Around 269 million people used drugs worldwide in 2018, which is 30 per cent more than in 2009, while over 35 million people suffer from drug use disorders, according to the latest World Drug Report, released today by the United Nations Office on Drugs and Crime (UNODC). The Report also analyses the impact of COVID-19 on the drug markets, and while its effects are not yet fully known, border and other restrictions linked to the pandemic have already caused shortages of drugs on the street, leading to increased prices and reduced purity.
Rising unemployment and reduced opportunities caused by the pandemic are also likely to disproportionately affect the poorest, making them more vulnerable to drug use and also to drug trafficking and cultivation in order to earn money, the Report says.
“Vulnerable and marginalized groups, youth, women and the poor pay the price for the world drug problem. The COVID-19 crisis and economic downturn threaten to compound drug dangers further still, when our health and social systems have been brought to the brink and our societies are struggling to cope,” said UNODC Executive Director Ghada Waly. “We need all governments to show greater solidarity and provide support, to developing countries most of all, to tackle illicit drug trafficking and offer evidence-based services for drug use disorders and related diseases, so we can achieve the Sustainable Development Goals, promote justice and leave no one behind.”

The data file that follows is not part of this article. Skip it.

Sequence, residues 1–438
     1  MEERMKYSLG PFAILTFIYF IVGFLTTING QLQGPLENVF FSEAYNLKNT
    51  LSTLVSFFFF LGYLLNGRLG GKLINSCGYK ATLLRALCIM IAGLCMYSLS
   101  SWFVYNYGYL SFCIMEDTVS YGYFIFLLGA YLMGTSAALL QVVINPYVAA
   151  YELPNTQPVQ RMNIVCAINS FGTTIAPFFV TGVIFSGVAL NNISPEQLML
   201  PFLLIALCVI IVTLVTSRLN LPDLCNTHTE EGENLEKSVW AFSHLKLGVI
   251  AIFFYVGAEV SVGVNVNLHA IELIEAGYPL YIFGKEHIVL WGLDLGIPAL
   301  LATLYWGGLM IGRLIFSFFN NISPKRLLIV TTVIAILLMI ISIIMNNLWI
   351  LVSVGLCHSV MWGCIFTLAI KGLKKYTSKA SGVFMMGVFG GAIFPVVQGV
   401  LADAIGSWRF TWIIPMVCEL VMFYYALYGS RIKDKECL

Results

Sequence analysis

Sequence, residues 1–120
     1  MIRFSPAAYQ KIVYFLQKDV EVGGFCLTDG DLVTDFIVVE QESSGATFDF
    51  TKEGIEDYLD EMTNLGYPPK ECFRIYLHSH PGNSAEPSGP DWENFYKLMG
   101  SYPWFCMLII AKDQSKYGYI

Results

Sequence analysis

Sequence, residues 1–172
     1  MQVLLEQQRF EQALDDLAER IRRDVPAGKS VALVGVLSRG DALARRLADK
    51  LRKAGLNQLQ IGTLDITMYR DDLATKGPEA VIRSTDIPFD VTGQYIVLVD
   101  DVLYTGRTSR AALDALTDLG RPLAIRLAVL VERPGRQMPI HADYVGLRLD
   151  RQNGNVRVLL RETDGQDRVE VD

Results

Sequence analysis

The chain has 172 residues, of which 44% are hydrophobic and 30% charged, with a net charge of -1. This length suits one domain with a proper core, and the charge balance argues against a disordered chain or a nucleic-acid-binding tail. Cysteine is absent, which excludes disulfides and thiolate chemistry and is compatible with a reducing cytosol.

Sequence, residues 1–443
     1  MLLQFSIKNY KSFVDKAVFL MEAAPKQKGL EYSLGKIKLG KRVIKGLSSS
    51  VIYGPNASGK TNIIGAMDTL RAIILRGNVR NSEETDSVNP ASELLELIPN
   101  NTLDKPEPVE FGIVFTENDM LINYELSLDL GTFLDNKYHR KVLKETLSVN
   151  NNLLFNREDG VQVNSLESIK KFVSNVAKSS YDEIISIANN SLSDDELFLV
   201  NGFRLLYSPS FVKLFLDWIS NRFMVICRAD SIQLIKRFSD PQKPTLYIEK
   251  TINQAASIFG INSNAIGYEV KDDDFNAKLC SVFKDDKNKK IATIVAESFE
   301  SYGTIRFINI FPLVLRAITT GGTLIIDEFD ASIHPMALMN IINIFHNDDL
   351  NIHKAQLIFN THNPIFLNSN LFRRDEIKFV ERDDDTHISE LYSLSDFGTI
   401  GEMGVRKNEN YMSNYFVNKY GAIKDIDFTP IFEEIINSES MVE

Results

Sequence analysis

Due to COVID-19, traffickers may have to find new routes and methods, and trafficking activities via the darknet and shipments by mail may increase, despite the international postal supply chain being disrupted. The pandemic has also lead to opioid shortages, which in turn may result in people seeking out more readily available substances such as alcohol, benzodiazepines or mixing with synthetic drugs. More harmful patterns of use may emerge as some users switch to injecting, or more frequent injecting.
Looking at further effects of the current pandemic, the Report says that if governments react the same way as they did to the economic crisis in 2008, when they reduced drug-related budgets, then interventions such as prevention of drug use and related risk behaviours, drug treatment services, the provision of naloxone for management and reversal of opioid overdose could be hard hit. Interception operations and international cooperation may also become less of a priority, making it easier for traffickers to operate.